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Regeneration  [DVD]
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At Craiglockhart Hospital during World War One, officer and poet Siegfried Sassoon (James Wilby) writes a statement condemning the war. This leads him into conflict with military psychologist Dr William Rivers (Jonathan Pryce), who cannot accept Sassoon's pacifist stance. Sassoon strikes up a friendship with Wilfrid Owen (Stewart Bunce), who, inspired by him, begins writing his own poetry. Meanwhile, Rivers' attempts to help mute shell-shock victim Billy Prior (Johnny Lee Miller) are in vain until Billy embarks on a romance with Sarah, who works at a munitions factory.
From the Back Cover
Starring Jonathan Pryce, James Wilby, Jonny Lee Miller, Stuart Bunce, Tanya Allen, and John Neville, Gillies MacKinnon's highly praised adaptation of Pat Barker's novel is a moving and powerful study of war and its devastating effects. Set in a military hospital during World War I, the film tells of a real life encounter between army psychologist Dr William Rivers (Pryce) and the poet Siegfried Sassoon (Wilby), who has been institutionalised in an attempt to undermine his public disapproval of the war. It also concerns the young poet Wilfred Owen (Stuart Bunce) who, with support from Sassoon, begins to write his great war-poems. Rivers, whose duty it is to return shell-shocked officers to the trenches, is tormented by the morality of what is being done in the name of medicine, especially the treatment of working-class officer Billy Prior (Lee Miller) who has been struck dumb by the carnage he has witnessed.
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Films that attempt to deal with sensitive subjects such as this aren't thick on the ground. Of itself, that's no reason to give the film 5*. Nevertheless, it's well-cast and all of the actors give strong performances. Whilst the script may be somewhat prejudiced, it's still strong & well-written. The direction also deserves praise; there is nothing that disturbs immersion or the sense of the time portrayed. It may be imperfect, but it's still an excellent film well worth your time.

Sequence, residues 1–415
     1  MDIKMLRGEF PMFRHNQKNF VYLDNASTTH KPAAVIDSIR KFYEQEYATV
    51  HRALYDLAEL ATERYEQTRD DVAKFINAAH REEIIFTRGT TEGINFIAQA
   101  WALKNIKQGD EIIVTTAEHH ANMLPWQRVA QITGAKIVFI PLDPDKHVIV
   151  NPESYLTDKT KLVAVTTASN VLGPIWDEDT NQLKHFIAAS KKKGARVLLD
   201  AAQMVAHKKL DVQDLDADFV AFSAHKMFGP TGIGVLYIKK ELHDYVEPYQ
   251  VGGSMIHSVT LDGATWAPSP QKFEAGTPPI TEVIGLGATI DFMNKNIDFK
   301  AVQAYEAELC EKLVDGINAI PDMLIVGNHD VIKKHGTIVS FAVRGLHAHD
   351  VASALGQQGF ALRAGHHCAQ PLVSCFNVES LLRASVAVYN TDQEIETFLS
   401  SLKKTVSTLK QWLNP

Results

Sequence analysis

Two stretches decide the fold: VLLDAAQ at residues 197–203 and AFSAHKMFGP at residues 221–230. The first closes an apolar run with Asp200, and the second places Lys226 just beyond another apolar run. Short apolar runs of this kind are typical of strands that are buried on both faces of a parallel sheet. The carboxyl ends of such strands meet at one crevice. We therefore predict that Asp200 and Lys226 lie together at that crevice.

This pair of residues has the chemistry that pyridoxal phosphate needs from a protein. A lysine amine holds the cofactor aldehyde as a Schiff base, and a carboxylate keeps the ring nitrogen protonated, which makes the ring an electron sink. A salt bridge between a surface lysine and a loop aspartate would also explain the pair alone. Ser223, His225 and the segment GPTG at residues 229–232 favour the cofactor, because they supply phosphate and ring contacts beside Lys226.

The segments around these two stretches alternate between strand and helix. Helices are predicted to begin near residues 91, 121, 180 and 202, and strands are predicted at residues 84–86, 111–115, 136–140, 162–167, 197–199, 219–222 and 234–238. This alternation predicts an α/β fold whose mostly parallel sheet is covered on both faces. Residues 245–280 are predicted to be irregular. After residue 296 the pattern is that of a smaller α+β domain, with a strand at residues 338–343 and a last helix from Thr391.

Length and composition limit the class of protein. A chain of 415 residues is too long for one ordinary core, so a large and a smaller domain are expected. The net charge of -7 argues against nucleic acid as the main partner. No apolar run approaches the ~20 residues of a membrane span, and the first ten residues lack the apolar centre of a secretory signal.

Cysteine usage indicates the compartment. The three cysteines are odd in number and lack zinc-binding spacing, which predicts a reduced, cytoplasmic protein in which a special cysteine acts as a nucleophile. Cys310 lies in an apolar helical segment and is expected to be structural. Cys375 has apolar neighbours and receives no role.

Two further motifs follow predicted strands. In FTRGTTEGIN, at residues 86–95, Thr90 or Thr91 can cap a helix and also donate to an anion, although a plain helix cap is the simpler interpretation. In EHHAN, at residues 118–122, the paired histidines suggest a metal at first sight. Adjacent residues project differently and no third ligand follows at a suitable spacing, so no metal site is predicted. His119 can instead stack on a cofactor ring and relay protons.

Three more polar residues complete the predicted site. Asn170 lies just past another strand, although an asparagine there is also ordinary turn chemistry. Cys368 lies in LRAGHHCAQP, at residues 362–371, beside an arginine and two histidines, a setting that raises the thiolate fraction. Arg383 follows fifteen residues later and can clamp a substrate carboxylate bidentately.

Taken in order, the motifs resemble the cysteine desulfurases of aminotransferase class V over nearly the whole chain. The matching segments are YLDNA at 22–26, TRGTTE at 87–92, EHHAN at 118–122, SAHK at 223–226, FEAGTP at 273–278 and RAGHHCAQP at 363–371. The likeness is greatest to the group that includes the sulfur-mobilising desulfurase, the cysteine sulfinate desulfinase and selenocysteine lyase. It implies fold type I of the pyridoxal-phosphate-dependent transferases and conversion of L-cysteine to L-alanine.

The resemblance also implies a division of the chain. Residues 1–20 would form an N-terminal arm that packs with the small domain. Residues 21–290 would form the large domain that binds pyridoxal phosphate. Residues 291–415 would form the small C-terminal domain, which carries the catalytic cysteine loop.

Gillies MacKinnon's direction is a big part of the problem, a victim of too much good taste and restraint and not terribly cinematic either, rarely venturing much beyond medium shots. The material needs attack and passion, but instead it feels like a well-staged piece that's too nervous about offending its potential audience's sensibilities to really go for the throat. The casting is problematic too: Jonathan Pryce is fine as the psychiatrist gradually assuming his patients maladies himself as he faces the irony of curing men so they can be sent back to possibly die at the front but Jonny Lee Miller remains unconvincing as the resentful working class officer Billy Prior, cutting far too contemporary a figure to convince in a period piece. However, the scenes between James Wilby and Stuart Bunce as Sassoon and Owen really take hold, and it's here that the film all too rarely finds its heart and soul. It's a film that stands up a lot better on a second viewing partially because of lower expectations, but it's much too polite to do its subject matter full justice.
That the Dutch DVD is a slightly cut version does not help matters, though Artificial Eye's UK DVD is uncut and offers a good widescreen transfer with interviews with MacKinnon, Pryce and Barker and trailer.
To say that I was gripped is understatement. I was also intensely moved, not merely by the plight of the mentally scarred men at Craiglockhart,(and NOT just Billy Prior), and by the poetry of both Sassoon and Owen; but above all by the astonishing portrayal by Jonathan Pryce of Major Rivers. Here is a man caught in the conundrum of healing the minds of soldiers, of clearing away the mental wall which they have thrown up to forget the horrors they have witnessed, but doing so knowing that they will be immediately returned to those horrors once he has cured them. And the depiction of Rivers' own declining mental state as he too comes to suffer the same symptoms as his patients almost by association was for me unforgettable.
It matters not that the film does not stick rigidly to the books. This is a film which stands out in its own right - moving, sensitive, superbly acted, and one which nobody who stands still for two minutes on Armistice Day at the eleventh hour should miss.
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Genuinely thought provoking and at times upsetting exploration of the devastating impact of war and the need...Read more